"The Virgin Mary and Cross-Cultural Encounter in the
Pre-Modern Spanish World "
Amy G. Remensnyder, Brown University
the soul-searching and celebration that accompanied the 500th
anniversary of Columbus's voyage, a heated controversy erupted in Santa
Fe, New Mexico. At stake was the interpretation of Santa Fe's past of
Spanish conquest and Native American subjugation, all embodied by one
the city's saintly patrons, a statue of the Virgin Mary. La
Conquistadora, "the Conqueress", is the startlingly martial
title by which Santa Fe inhabitants have known this image since at least
1693. In that year the conquistador Diego de Vargas triumphantly brought
the statue to Santa Fe, thanking the Virgin for victory over the revolt
of the Pueblo Indians. It is no wonder that the Columbus quincentennial
provoked Native Americans to protest against La Conquistadora's title.
Angered by these protests, Hispanics retorted that La Conquistadora's
name had nothing to do with military conquest: it meant "Our Lady
of Conquering Love" and referred to Mary's winning of souls for
Christianity. Trying to pacify everyone, the Archbishop of Santa Fe
announced that the statue would now bear the bilingual (and illogical)
title of La Conquistadora, "Our Lady of Peace".
no accident that a statue of the Virgin was at the heart of this clash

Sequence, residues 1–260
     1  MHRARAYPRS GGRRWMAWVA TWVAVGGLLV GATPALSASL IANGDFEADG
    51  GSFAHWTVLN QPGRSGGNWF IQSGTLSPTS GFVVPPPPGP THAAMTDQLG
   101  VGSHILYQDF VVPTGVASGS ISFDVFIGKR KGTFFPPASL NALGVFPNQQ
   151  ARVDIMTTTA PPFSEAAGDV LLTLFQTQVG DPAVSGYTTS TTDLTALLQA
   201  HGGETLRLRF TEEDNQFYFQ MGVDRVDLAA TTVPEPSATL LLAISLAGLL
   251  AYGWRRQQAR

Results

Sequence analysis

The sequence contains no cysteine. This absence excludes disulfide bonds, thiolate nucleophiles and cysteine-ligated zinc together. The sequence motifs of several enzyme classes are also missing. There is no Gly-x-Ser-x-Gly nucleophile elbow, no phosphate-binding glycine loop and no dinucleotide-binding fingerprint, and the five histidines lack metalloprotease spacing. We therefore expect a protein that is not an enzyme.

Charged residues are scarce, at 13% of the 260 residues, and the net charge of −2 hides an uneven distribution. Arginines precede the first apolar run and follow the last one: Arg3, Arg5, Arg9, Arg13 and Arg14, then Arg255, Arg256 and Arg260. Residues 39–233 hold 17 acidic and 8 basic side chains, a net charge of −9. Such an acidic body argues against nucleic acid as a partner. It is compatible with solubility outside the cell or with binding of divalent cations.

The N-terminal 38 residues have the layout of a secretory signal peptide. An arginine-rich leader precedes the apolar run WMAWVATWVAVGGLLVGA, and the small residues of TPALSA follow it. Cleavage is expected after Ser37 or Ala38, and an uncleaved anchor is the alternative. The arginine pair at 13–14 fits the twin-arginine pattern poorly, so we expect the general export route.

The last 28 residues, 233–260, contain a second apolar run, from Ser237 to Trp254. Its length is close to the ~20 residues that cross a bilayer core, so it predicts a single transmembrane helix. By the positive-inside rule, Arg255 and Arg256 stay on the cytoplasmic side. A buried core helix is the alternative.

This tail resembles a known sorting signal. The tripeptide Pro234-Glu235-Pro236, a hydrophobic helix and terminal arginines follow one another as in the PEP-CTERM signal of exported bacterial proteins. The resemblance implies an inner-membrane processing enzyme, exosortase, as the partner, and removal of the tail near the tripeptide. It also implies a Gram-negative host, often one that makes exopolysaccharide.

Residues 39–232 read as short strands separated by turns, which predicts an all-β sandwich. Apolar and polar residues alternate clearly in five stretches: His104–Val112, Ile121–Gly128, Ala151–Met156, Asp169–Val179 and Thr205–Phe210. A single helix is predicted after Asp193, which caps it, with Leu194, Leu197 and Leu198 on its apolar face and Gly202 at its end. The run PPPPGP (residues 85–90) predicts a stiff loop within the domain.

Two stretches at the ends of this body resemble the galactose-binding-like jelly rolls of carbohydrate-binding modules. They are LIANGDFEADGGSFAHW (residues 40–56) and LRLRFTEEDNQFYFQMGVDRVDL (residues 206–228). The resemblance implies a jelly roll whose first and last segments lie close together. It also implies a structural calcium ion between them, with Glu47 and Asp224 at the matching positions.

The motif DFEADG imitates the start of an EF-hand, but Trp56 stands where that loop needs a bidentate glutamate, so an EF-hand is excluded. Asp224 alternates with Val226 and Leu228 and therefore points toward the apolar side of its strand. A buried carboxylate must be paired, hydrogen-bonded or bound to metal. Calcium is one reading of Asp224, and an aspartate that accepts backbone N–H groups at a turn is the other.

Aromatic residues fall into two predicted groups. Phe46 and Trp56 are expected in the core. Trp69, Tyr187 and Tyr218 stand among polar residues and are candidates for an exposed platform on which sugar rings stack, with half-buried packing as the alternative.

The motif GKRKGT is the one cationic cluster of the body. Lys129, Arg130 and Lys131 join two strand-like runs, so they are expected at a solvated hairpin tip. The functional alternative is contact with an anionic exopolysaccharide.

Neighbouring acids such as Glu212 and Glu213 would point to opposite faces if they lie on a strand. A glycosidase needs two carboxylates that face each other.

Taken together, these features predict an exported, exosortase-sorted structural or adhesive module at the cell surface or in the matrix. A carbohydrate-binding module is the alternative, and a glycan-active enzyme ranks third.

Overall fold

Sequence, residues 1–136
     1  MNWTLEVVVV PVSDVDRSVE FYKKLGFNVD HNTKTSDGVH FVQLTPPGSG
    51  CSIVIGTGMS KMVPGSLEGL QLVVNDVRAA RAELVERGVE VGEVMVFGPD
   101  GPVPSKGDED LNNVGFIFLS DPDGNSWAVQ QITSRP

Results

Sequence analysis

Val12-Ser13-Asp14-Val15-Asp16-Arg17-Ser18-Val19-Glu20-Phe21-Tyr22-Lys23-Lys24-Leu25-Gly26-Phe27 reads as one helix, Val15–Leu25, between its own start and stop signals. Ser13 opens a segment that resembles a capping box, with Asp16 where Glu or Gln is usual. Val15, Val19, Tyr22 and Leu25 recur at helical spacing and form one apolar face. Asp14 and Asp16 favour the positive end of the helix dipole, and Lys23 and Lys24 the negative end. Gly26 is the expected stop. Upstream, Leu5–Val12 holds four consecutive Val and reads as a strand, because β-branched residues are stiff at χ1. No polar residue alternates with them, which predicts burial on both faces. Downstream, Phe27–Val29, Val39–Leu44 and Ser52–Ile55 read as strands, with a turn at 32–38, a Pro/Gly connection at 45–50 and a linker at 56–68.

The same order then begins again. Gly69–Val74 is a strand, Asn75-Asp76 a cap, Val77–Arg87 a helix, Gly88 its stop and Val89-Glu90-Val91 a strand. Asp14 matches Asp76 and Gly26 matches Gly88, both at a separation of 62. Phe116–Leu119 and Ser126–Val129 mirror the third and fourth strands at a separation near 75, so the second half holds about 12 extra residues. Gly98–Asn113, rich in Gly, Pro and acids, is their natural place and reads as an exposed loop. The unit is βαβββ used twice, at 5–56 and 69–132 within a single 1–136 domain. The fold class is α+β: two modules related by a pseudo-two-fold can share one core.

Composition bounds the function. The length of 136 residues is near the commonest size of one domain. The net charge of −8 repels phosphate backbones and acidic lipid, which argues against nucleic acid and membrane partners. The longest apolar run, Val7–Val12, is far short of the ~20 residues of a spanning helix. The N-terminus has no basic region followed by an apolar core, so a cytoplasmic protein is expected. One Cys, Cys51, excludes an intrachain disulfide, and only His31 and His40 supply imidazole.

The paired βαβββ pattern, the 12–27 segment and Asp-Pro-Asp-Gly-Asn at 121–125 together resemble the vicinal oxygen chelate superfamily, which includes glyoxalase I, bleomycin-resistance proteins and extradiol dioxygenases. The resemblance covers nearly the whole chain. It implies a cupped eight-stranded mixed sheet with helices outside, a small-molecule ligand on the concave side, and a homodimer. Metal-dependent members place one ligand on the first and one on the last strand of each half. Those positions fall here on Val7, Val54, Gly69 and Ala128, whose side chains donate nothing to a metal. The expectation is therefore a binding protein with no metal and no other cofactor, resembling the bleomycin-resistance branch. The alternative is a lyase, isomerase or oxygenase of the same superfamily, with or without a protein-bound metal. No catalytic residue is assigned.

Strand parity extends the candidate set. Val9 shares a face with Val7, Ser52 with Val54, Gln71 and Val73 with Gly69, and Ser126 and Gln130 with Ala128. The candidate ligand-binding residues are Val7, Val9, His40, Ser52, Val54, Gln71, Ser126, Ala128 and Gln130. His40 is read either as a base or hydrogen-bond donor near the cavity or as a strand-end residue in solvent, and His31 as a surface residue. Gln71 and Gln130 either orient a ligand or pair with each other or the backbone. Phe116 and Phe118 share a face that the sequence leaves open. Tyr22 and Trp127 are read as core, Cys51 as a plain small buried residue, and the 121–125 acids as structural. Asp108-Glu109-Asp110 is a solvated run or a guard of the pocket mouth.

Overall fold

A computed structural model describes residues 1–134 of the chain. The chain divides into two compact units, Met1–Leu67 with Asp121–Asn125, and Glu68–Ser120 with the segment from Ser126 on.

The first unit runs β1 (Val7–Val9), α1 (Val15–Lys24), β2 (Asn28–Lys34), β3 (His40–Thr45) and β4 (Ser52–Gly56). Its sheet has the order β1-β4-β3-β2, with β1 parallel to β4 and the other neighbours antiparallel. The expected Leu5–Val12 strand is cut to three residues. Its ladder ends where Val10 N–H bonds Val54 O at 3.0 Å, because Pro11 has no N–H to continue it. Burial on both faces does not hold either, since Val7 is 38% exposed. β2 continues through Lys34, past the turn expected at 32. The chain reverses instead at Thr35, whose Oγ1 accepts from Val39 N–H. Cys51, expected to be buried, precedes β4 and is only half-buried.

over the evaluation of the colonial past. The Virgin Mary was involved
with the Spanish colonization of the Americas in exactly the ways both
parties in the Santa Fe controversy believed: military conquest and
religious conversion. The conquistadors and missionaries brought the
Virgin's role in these twinned enterprises with them from home. During
centuries of contact with the large numbers of Muslims and Jews who
inhabited the Iberian peninsula in the Middle Ages, Spanish Christians
had developed an understanding of Mary as an agent of the conquest and
conversion of non-Christians.
this paper, I explore the
implications that this notion of Mary as a symbol of conquest and
conversion has for our understanding of the complex multi-cultural and
colonial situations of medieval Iberia and early Spanish America.
© 2002 Fordham University